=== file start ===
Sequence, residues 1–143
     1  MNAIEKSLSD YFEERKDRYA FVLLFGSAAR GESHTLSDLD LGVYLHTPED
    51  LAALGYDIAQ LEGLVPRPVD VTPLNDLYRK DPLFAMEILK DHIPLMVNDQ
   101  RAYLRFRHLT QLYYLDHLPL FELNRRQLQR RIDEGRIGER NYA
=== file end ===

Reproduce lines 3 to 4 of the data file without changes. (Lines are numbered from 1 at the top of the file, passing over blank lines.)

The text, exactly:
    51  LAALGYDIAQ LEGLVPRPVD VTPLNDLYRK DPLFAMEILK DHIPLMVNDQ
   101  RAYLRFRHLT QLYYLDHLPL FELNRRQLQR RIDEGRIGER NYA